Finally, Noah Tucker (Handa Centre for the Study of Terrorism and Political Violence at the School of International Relations, University of St Andrews, UK) describes a key link between internal developments in Central Asia and the region’s larger international context. His contribution looks at the recent history of Central Asians’ involvement in foreign conflicts and insurgencies, including in Afghanistan and Syria. Tucker emphasises the importance of understanding the causes of conflict migration from Central Asia to both ensure successful re-integration of returnees and to prevent new waves of conflict migration. He presents evidence that a one-dimensional focus on ideological motivations for past waves of conflict migration is a poor explanatory mechanism for the broader conflict. A complex, localised and multi-factor approach provides a much better model for mobilisation to both local violence and foreign conflict.


Not unlike the understanding of security in ‘human security’ or ‘critical security studies’, see Edward Lemon, ‘Critical approaches to security in Central Asia: An introduction’, Central Asian Survey, 37 (1), pp. 1–12.


J. Boonstra (ed.), ‘A New Central Asia Strategy: Deepening Relationships and Generating Long-Lasting Impact.’ eucam Working Paper No. 20. Groningen 2018.


Report on implementation and review of the EU-Central Asia Strategy (2015/2020(ini). Rapporteur Tamás Meszerics. Committee on Foreign Affairs. European Parliament. Brussels, 8/3/2016, p.30. European Commission, Joint Communication to the European Parliament and the Council. The EU and Central Asia: New Opportunities for a Stronger Partnership. Brussels, 15/5/2019, p.1.


EU Builds a Strong and Modern Partnership with Central Asia, p.1.


The csto’s treaty dates from 1992 and in 2002 a Charter was agreed:


B. Jardine and E. Lemon, ‘In Post-American Central Asia, Russia and China are tightening their grip’,


Charter of the Shanghai Cooperation Organization:


See, for instance, the Kremlin readout of President Putin’s latest meeting with his re-elected Uzbek counterpart Mirziyoyev:


A. Lukin (2021) Have We Passed the Peak of Sino-Russian Rapprochement?, The Washington Quarterly, 44:3, 155–173 (


Report on implementation and review of the EU-Central Asia Strategy (2015/2020(ini). Rapporteur Tamás Meszerics. Committee on Foreign Affairs. European Parliament. Brussels, 8/3/2016, p.8.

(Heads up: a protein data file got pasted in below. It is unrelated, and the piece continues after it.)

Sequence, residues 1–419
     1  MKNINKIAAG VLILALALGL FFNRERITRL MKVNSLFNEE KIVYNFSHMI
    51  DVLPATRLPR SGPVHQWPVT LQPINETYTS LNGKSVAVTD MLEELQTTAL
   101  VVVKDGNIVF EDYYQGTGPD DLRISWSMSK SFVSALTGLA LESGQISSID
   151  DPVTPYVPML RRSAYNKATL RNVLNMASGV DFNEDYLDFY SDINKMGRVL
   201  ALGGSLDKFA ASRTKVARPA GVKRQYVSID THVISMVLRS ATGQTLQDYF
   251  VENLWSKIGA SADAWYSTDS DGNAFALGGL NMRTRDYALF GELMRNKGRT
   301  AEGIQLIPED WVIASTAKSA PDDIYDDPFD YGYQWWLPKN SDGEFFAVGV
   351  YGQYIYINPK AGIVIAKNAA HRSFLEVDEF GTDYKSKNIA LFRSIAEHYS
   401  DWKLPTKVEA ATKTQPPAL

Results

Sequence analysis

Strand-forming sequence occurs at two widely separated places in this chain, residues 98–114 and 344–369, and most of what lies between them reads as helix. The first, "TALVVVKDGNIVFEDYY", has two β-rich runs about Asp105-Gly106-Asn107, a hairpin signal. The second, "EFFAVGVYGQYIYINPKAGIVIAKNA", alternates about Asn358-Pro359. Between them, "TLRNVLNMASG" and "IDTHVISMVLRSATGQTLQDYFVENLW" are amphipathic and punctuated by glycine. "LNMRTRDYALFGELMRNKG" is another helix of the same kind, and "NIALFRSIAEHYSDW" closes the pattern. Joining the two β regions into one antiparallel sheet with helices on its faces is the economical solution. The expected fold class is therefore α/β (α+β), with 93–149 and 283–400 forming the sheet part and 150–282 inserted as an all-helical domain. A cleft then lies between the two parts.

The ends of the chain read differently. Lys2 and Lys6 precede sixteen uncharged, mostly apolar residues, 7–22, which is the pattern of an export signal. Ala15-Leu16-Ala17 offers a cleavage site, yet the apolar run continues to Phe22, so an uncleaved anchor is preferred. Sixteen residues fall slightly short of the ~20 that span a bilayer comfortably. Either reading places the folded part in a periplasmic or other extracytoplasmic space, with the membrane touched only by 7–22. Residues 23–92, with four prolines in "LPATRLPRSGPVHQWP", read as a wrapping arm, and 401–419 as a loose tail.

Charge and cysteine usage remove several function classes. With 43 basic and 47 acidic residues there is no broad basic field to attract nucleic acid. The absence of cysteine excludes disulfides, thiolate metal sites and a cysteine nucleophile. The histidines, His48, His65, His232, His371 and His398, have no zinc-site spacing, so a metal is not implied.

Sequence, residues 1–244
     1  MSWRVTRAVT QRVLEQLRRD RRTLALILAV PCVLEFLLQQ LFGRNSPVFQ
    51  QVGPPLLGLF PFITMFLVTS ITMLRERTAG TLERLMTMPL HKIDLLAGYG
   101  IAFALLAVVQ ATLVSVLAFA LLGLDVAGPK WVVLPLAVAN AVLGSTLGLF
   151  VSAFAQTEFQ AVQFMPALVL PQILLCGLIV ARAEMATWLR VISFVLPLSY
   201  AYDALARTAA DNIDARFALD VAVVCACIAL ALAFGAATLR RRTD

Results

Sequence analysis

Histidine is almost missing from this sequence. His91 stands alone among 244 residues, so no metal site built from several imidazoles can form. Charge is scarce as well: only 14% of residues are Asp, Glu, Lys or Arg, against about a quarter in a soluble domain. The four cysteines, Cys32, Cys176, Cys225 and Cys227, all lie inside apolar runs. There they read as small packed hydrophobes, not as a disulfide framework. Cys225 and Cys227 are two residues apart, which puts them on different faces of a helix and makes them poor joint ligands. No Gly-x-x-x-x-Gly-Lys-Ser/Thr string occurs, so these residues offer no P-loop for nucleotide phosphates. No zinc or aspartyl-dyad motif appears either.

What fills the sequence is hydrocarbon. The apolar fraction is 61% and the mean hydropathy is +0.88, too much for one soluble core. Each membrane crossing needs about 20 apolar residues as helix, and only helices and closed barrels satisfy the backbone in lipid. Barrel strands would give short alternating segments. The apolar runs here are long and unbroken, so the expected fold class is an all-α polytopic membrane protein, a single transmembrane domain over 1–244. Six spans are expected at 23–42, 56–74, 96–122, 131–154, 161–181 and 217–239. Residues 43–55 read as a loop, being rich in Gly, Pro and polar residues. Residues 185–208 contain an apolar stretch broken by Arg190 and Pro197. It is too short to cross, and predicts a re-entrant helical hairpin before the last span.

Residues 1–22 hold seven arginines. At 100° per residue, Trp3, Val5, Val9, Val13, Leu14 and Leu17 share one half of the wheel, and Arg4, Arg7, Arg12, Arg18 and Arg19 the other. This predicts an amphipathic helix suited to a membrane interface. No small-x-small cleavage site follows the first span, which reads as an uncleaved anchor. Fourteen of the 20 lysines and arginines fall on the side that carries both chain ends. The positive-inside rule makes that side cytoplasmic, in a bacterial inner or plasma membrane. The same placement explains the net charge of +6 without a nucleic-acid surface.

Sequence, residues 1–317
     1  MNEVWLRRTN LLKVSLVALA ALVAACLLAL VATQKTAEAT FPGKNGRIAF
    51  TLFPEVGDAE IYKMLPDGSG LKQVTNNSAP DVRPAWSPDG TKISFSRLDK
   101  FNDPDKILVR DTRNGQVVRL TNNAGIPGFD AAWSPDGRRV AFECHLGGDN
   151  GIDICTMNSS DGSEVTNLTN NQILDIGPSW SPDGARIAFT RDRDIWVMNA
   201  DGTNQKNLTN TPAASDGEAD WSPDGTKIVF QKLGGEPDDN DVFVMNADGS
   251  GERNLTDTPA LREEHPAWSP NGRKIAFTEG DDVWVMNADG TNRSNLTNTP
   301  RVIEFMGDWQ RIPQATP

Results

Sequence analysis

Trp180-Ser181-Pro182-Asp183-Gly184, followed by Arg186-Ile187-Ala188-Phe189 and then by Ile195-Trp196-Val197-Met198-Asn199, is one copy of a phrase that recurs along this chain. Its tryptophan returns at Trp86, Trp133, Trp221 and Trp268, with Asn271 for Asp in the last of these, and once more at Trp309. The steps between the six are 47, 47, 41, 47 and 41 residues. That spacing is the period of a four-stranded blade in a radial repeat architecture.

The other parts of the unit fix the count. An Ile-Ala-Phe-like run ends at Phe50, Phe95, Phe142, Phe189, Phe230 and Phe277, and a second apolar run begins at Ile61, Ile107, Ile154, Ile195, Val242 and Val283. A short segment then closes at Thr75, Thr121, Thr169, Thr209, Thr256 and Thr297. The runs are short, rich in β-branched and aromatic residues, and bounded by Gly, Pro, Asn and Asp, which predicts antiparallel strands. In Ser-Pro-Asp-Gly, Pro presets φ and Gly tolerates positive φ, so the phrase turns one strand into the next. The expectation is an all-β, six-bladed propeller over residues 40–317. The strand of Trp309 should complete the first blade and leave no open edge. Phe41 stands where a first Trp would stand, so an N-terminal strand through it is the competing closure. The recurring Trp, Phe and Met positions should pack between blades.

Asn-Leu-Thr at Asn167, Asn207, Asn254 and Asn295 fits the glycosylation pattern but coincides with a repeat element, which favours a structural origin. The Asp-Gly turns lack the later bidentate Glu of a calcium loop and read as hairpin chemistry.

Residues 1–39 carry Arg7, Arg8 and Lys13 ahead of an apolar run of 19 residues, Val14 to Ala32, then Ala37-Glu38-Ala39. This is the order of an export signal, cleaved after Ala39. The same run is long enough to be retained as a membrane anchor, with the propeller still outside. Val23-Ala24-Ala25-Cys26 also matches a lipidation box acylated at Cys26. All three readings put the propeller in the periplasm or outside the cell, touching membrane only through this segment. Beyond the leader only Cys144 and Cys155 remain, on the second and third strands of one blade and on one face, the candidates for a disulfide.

For the period between 2007–2013, as the first EU strategy for Central Asia specified, only 20–25 percent of the Central Asia assistance budget was earmarked for the promotion of good governance and economic reform (European Community Regional Strategy Paper for Assistance to Central Asia for the period 2007–2013, p. 3).


European Commission, Regional strategy Paper 2002–2006 & Indicative Programme 2002–2004 for Central Asia. Brussels, 30 October 2002; The Permanent Representatives Committee, The EU and Central Asia: Strategy for a New Partnership. Brussels, 31 May 200; European Community Regional Strategy Paper for Assistance to Central Asia for the period 2007–2013; Report on implementation and review of the EU-Central Asia Strategy (2015/2020(ini). Rapporteur Tamás Meszerics. Committee on Foreign Affairs. European Parliament. Brussels, 8/3/2016.


European Commission, Shared Vison, Common Action, A Stronger Europe: A Global Strategy for the European Union’s Foreign and Security Policy. Brussels, June 2016.


European Commission, Joint Communication to the European Parliament and the Council. The EU and Central Asia: New Opportunities for a Stronger Partnership. Brussels, 15/5/2019, pp. 2–3.


The Permanent Representatives Committee, The EU and Central Asia: Strategy for a New Partnership. Brussels, 31 May 2007, p. 7.


Report on implementation and review of the EU-Central Asia Strategy (2015/2020(ini). Rapporteur Tamás Meszerics. Committee on Foreign Affairs. European Parliament. Brussels, 8/3/2016, p.10.


Point 6 of the osce Astana Commemorative Declaration towards a Security Community: